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Catherine Maria ‘Kitty’ Fisher, was one of the most celebrated courtesans in 1760s England. Using her wit, charm and beauty, she rose through the echelons of London’s fashionable society. Throughout her career, she had countless lovers of significant political influence and became, in the modern sense of the term, a celebrity. London society was both scandalised and fascinated by her behaviour, and she cultivated her celebrity status by collaborating with writers and artists to promote her public image. Reynolds’ portrayal of Kitty recalls the tale of Cleopatra’s legendary banquet, at which she and Mark Antony wagered over who could provide the most lavish feast. Cleopatra triumphed when she took a pearl from her earring, dissolved it in a goblet of vinegar and drank it.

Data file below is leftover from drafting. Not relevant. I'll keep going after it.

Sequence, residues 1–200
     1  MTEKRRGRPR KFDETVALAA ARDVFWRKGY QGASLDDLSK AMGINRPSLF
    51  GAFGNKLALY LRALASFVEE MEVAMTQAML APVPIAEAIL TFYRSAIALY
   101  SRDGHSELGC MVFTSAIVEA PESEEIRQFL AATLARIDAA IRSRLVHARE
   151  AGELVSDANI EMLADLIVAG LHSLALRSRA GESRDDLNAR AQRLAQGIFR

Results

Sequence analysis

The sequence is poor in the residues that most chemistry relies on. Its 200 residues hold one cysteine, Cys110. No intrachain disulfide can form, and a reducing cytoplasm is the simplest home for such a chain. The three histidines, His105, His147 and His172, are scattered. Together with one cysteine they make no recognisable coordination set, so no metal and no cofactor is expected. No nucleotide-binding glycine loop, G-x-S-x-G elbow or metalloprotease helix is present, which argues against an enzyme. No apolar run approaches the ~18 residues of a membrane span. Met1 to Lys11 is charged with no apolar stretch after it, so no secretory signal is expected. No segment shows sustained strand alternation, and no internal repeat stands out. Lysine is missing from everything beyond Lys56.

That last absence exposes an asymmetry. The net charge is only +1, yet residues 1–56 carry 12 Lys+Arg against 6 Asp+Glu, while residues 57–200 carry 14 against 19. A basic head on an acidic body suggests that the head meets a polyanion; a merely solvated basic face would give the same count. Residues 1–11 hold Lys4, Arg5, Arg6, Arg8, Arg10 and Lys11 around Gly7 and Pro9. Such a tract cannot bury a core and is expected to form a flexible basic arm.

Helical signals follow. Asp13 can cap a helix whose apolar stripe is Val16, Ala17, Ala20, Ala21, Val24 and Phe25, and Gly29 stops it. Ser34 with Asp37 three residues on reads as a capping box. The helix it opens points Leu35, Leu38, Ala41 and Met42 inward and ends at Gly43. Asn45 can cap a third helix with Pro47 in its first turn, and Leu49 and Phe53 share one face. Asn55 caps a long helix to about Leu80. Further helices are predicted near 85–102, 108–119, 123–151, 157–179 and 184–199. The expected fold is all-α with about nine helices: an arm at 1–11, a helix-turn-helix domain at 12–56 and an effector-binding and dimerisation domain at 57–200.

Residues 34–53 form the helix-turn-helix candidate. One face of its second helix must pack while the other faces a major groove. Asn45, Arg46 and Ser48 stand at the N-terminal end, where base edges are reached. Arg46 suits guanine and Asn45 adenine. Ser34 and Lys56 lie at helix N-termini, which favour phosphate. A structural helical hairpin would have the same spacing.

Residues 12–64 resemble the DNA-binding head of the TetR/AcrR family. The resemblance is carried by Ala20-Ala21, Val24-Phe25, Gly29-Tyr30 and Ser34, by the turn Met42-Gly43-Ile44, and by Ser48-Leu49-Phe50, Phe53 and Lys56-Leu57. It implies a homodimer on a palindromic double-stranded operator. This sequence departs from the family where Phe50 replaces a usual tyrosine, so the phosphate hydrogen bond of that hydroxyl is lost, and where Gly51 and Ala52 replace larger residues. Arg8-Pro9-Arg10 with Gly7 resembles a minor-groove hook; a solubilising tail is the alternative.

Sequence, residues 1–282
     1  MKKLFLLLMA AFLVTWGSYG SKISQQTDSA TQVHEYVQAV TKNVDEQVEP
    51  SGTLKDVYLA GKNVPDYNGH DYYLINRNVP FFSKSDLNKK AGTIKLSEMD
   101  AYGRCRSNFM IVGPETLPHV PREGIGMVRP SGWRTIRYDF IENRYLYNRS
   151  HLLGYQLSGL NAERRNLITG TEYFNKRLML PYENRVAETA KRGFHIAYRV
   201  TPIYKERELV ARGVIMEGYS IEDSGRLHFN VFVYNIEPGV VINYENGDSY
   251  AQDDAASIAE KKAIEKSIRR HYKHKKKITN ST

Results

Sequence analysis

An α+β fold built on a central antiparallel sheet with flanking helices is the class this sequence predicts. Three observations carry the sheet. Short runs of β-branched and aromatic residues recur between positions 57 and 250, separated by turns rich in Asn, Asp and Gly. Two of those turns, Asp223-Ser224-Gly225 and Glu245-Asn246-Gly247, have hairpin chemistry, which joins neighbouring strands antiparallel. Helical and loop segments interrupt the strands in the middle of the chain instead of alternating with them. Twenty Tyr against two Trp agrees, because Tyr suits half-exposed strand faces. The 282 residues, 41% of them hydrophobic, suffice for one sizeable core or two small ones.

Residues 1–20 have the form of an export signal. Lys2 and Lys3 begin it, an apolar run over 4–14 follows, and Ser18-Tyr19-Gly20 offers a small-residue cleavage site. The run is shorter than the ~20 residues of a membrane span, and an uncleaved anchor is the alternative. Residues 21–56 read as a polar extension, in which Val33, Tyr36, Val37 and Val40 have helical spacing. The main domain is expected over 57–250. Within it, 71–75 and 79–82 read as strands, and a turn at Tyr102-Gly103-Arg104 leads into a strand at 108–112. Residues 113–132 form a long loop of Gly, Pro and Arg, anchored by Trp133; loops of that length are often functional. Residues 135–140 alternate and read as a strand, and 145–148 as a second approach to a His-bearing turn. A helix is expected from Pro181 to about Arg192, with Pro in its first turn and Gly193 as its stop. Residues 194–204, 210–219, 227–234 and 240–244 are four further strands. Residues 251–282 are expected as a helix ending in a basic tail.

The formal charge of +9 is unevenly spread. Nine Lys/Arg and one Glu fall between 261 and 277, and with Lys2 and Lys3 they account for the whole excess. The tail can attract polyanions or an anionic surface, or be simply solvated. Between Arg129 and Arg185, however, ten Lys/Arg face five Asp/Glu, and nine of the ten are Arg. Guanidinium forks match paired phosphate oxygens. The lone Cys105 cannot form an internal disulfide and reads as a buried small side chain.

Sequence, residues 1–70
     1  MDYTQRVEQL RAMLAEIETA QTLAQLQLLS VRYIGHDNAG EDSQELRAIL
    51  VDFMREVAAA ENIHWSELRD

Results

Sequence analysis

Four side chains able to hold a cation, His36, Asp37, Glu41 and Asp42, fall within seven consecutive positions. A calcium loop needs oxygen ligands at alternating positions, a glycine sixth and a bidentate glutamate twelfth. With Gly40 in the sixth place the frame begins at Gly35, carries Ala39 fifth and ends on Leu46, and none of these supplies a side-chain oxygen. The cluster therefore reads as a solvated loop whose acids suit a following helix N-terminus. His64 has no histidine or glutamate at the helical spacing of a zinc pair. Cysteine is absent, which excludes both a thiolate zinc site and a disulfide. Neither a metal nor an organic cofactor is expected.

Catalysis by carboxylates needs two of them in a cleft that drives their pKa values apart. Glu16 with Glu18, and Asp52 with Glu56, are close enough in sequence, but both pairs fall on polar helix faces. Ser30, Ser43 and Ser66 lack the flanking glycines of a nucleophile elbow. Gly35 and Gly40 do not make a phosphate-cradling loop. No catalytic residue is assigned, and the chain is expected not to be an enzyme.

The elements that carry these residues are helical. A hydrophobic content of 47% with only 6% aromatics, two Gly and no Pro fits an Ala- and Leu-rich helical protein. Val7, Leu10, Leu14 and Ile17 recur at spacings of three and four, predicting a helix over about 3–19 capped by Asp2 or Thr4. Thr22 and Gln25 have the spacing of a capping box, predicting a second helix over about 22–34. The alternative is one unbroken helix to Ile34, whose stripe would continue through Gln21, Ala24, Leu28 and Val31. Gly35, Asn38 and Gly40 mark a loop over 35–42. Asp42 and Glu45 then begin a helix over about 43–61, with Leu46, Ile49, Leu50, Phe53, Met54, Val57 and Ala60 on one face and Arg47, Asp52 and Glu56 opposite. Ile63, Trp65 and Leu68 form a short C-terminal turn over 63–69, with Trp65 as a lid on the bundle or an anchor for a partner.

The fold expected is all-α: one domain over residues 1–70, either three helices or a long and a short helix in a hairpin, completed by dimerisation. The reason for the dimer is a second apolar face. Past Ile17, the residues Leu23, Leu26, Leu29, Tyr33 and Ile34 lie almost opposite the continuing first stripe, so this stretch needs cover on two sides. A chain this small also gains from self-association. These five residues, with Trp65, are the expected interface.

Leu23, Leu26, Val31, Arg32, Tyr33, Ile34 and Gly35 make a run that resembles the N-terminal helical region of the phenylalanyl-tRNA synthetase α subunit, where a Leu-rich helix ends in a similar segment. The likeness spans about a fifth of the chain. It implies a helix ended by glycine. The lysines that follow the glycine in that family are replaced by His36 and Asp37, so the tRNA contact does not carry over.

Reynolds painted Kitty at least four times, fuelling speculation they were lovers. His decision to paint Kitty was a calculated one, knowing she would be an extremely marketable subject. Equally, befriending and painting a woman who moved among the social elite yet flouted the codes of polite society provided Reynolds with immense publicity. For Kitty, being painted by the most celebrated artist of the day was a powerful act of self-promotion.
Kitty Fisher (1741–1767) as Cleopatra Dissolving the Pearl
oil on canvas
H 76.2 x W 63.5 cm
bequeathed to Kenwood by Walter Edward Guinness, 1st Baron Moyne, 1944